It’s not that my parents were consciously neglectful. But like swimmers hampered by leaden boots, frantically treading water just to stay afloat, they were preoccupied with survival and trying to hold a home together. My father had languished for five long years behind barbed wire, his youth stolen as a prisoner of war, until at last he’d escaped. His innocence stolen by half a decade of incarceration and near starvation, who knows what inner gremlins he wrestled?
My mother was abandoned by her father in infancy (one day he just walked out and never returned), and bruised by a bullying stepfather whose words and beatings kept her in a cowering posture right up until her death. So she too was a wounded soul, plagued by depression before depression really had a name.
And so I felt unnoticed. I know this, not as a result of much psychotherapy, but because I remember one very exciting day in our family’s life, one that embarrassingly shows how starved I was of attention. Our house was burgled. Not much was taken, but drawers were left flung open, stuff scattered everywhere as the robber searched in vain for something valuable to plunder. The police were called, and I, as the only one in the house when the crime took place, gave a statement. As it turned out, the thief did get away with something valuable that day, because the thief was me. I staged a break-in just to get noticed, and it worked.
Unmotivated, my scholastic achievements were lacklustre at best. Until I joined Mr Ruff’s class. An avid cricket fan and lover of real ale, Mr Ruff taught English, and quickly decided that it was a subject that I might do well in. This was very good news, because I was mediocre at everything else. History was dull, I hated my art teacher (the feeling was mutual) and I was so bad at maths that I didn’t even bother to show up for my exam.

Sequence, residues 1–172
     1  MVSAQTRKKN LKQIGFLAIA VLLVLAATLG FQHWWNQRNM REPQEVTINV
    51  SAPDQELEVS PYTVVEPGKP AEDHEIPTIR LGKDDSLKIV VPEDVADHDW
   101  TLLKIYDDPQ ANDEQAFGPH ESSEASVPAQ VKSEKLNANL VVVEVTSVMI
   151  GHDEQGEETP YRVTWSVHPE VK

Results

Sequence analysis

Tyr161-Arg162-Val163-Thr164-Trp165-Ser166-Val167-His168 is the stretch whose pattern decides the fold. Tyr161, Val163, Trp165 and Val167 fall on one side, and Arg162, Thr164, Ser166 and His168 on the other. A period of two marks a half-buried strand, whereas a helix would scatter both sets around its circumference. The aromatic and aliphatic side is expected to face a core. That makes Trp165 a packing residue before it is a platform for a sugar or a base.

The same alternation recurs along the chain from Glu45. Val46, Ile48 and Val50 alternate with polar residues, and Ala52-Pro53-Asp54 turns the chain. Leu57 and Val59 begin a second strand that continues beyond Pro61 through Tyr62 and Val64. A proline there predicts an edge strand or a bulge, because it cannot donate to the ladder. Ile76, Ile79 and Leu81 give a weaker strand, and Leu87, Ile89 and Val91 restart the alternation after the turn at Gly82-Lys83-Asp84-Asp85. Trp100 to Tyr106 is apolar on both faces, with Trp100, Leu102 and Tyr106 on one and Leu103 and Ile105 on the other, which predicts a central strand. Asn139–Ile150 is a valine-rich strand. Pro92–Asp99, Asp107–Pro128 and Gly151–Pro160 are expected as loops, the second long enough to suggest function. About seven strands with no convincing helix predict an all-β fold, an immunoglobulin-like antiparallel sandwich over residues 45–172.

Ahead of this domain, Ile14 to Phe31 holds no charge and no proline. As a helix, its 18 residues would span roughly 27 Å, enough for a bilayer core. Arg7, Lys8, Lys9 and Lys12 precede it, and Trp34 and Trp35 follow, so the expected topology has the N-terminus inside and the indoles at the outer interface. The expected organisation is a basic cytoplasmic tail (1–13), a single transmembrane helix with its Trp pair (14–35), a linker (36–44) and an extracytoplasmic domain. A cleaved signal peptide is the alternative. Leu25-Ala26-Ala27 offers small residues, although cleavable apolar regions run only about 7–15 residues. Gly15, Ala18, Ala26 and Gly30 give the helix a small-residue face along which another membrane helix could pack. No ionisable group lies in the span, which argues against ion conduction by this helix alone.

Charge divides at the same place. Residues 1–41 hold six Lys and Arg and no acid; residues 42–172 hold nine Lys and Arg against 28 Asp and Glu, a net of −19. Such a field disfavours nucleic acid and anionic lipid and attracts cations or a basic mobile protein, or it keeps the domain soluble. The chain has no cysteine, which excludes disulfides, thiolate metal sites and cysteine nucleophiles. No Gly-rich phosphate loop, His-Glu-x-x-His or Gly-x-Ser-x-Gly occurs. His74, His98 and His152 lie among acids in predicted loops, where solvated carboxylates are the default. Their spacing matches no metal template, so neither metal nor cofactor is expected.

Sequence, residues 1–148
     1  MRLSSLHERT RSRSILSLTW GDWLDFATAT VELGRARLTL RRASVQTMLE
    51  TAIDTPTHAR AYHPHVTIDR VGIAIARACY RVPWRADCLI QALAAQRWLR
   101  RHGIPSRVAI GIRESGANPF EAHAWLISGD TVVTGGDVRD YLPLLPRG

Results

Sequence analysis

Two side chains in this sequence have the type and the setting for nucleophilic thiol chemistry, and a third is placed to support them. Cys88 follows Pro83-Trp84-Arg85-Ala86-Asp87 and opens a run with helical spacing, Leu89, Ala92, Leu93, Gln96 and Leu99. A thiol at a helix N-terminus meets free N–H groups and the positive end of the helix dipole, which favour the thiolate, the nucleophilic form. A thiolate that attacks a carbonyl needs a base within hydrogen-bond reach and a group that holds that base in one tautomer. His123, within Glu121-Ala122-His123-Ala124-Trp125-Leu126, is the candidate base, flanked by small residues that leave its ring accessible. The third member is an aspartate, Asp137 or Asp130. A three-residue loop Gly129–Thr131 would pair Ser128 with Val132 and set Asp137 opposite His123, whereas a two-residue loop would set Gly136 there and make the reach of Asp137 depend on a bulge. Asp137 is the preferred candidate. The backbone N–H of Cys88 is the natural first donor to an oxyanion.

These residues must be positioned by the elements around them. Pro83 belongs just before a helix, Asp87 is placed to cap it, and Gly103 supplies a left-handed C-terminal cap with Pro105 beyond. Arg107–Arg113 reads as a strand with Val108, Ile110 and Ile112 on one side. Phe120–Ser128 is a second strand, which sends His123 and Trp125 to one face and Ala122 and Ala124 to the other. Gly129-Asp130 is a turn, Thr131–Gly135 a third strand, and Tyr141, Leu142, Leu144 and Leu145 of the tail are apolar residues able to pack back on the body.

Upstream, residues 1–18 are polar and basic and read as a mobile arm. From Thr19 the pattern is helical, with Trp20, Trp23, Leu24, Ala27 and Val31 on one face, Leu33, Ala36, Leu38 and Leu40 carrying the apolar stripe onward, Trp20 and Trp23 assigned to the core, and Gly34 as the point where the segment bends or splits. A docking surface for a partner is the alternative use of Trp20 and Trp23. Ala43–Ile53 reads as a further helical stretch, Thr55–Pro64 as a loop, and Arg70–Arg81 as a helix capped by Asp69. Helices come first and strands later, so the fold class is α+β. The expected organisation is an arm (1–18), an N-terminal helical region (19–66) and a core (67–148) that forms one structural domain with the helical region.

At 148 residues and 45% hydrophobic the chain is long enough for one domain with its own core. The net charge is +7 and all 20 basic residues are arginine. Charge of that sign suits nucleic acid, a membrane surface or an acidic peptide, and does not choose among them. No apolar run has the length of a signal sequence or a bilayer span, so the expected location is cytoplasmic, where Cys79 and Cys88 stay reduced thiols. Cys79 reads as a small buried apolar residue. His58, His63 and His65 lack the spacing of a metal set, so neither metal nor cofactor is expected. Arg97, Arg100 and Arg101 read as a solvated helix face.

But English…that was another story, literally. Mr Ruff told me that I was pretty good with stringing sentences together. More than that, he looked into a classroom filled with adolescents who were aghast at the idea that Shakespeare was interesting, and saw me.
One of my favourite Bible stories is the one about Zacchaeus. Jesus was passing through Jericho on his way to Jerusalem, fully aware of what would befall him there. But, despite this, he was not walking with his head down. Wonderfully, he saw the diminutive swindler, which was a big surprise, but one greater was to follow, as Jesus invited himself over for lunch. Probably prompted only by the joy of being noticed, at the banquet that followed, Zacchaeus announced his sudden retirement from swindling, and determined to make massive reparations.
The Jewish theologian Martin Buber speaks of the distinction in our minds between treating people as subjects or objects. By objects, he meant our propensity for reducing people to being commodities to be managed rather than unique creations to be noticed. To the doctor, dear Mr Smith who has just recently been widowed becomes ‘the broken arm in cubicle seven’. To the salesperson in the shoe shop, the customer is an unwelcome interruption to her chatter about Saturday night plans.
Today, most of us will see people. So with God’s help, let’s take time to look, notice and, if appropriate, stop and really see people.